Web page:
Shrimp boats are parked in Venice, La., near the mouth of the Mississippi River and the Gulf of Mexico, in 2010. (Gerald Herbert/AP)

An oxygen-poor “dead zone” in the Gulf of Mexico, which can prompt harmful algae blooms and threaten marine life, could approach the size of New Jersey this summer, federal scientists say — making it the third-largest the Gulf has seen. A new forecast from the National Oceanic and Atmospheric Administration predicts that the annual dead zone will reach an area of nearly 8,200 square miles in July, more than 50 percent larger than its average size.

While the Gulf dead zone occurs each summer, brought about by human pollution running into the water, scientists and policymakers are fighting to reduce its size. It’s a big priority because of the dead zone’s potential to damage fisheries, according to NOAA scientists — and this year’s unusually large forecast may mean even more of the Gulf is at risk than usual.

“We’ve known for a long time that the hypoxic zone reduces fish and shrimp habitat dramatically,” said Alan Lewitus, a scientist with NOAA’s Center for Sponsored Coastal Ocean Research. (“Hypoxic” means deprived of oxygen.) Even if the low-oxygen levels don’t outright kill the fish in the water, exposure to these conditions can harm their ability to reproduce, change their migration and feeding patterns and stunt their growth. And these effects can have a negative impact on the economy as well.

A study published this year found that dead zones in the Gulf of Mexico can cause large shrimp to become scarce and smaller ones to become more abundant. As a result, the price of large shrimp climbs while the price of small ones drops, causing a disturbance in the market.

“This is a real concrete, quantitative effect, which hits economies,” Lewitus told The Washington Post. “So it’s something to really recognize.”

Scientists have been monitoring the size of the Gulf dead zone every year for the past 32 years. It’s caused mainly by nitrogen, phosphorus and other nutrient pollution — largely produced by human agricultural activities — running into rivers that eventually empty into the Gulf. In the summer, when the water is warm, the excess nutrients in the water can contribute to large bursts of algae growth, which can lead to low-oxygen conditions in certain parts of the Gulf.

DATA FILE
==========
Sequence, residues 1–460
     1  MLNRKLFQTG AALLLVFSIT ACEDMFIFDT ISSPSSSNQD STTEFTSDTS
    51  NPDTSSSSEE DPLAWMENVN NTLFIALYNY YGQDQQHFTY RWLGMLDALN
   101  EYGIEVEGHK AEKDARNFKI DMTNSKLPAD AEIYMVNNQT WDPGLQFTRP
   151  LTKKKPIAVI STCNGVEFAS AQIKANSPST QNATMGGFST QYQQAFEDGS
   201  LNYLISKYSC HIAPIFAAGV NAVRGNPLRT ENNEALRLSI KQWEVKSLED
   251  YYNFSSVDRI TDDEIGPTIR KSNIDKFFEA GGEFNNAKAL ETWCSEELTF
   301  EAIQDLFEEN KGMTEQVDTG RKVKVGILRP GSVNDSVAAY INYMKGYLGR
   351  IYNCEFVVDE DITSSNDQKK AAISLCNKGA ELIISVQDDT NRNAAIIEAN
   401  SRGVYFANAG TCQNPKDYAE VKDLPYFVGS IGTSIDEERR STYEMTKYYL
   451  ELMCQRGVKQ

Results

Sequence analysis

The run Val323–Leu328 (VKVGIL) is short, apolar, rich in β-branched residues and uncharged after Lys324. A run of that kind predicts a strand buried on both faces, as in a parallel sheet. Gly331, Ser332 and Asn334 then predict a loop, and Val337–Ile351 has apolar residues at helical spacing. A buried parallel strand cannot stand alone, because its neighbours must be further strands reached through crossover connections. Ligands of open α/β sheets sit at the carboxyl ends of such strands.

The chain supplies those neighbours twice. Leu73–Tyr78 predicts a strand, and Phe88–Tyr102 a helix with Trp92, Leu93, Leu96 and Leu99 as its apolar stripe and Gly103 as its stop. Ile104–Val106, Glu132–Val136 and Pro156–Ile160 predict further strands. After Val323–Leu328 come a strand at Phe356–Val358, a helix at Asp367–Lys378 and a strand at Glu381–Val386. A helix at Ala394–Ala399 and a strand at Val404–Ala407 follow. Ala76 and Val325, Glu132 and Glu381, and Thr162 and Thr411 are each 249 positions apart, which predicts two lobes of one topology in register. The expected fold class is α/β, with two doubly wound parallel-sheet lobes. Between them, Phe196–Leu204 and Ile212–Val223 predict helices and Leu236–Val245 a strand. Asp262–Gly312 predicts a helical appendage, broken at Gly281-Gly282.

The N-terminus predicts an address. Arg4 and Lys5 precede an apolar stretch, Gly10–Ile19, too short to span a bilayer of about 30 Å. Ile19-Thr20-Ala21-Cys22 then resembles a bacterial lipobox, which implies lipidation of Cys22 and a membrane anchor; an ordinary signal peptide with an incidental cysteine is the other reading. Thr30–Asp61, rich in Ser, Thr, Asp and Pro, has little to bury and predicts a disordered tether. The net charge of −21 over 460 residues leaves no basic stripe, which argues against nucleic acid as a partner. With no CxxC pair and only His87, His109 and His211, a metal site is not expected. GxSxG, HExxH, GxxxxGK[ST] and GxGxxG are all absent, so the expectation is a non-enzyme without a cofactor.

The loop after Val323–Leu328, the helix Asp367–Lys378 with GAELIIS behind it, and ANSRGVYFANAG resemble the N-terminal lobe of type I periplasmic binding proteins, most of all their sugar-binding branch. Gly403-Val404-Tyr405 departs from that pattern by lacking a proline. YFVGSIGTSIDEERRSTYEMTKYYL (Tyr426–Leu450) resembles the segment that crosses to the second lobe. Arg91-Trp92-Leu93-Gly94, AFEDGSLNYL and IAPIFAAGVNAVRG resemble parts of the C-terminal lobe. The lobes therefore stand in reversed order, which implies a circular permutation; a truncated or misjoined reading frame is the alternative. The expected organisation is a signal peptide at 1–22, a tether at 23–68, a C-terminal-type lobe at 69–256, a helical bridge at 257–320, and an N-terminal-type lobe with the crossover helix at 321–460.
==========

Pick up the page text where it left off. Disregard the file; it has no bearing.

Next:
Typically, the dead zone hovers off the coast of Louisiana and eastern Texas, and its average area spans about 5,300 square miles. Each year, NOAA scientists create a forecast for the coming summer’s dead zone, based on nutrient runoff data collected by the U.S. Geological Survey. In July, when the dead zone generally reaches its peak, scientists confirm its actual size with boat surveys.

Since the early 1990s, Lewitus said, there’s been an increase in the size of the annual dead zone, although in recent years it’s begun to plateau. A coalition of state and federal partners is working to try to shrink it again. The Mississippi River/Gulf of Mexico Hypoxia Task Force was established in 1997 to work on understanding the causes of the Gulf dead zone, cutting down on nutrient pollution and reducing the dead zone’s severity.

It’s been slow going. The task force’s most recent action plan, released in 2008, set a goal of reducing the summer dead zone to an area of less than 2,000 square miles by 2015. But in 2015, seeing that the plan was falling short, the task force moved its target to 2035.

It remains difficult to assess how much progress is being made. While there’s been no significant reduction in the size of the dead zone, Lewitus noted that some USGS data trends suggest that the amount of nutrient pollution is starting to decline. If that’s the case, and the trend continues, a reduction in the dead zone should follow shortly.

This year, though, heavy nutrient flows in May led to the higher-than-average forecast. The USGS data indicates that more than 360 million pounds of nitrogen and nearly 50 million pounds of phosphorus flowed into the Gulf last month.

And while the NOAA forecast predicts the third-largest dead zone on record this summer, other scientists believe it may be even larger. A separate forecast, produced by researchers Gene Turner of Louisiana State University and Nancy Rabalais of the Louisiana Universities Marine Consortium, predicts a dead zone covering more than 10,000 square miles — which would be the largest the Gulf has seen. The model used to make this prediction is one of several that NOAA uses in its own forecast, according to Lewitus, and the NOAA forecast is typically more on the conservative side.

We won’t know for sure how large the dead zone grows this year until scientists complete their field survey later this summer. Between now and then, there are several factors that could affect scientific measurements when the time comes — mainly severe storms or high winds, which could churn up Gulf waters. But for now, the region appears to be on track to see one of its most severe dead zones on record, underscoring the need for continued efforts to reduce pollution and protect water quality in the Gulf states.

“The Gulf’s summer hypoxic zone continues to put important habitats and valuable fisheries under intense stress,” said Rob Magnien, director of NOAA’s Center for Sponsored Coastal Ocean Research, in a recent statement. “Although there is some progress in reducing nutrients, the effects of the dead zone may further threaten the region’s coastal economies if current levels remain.”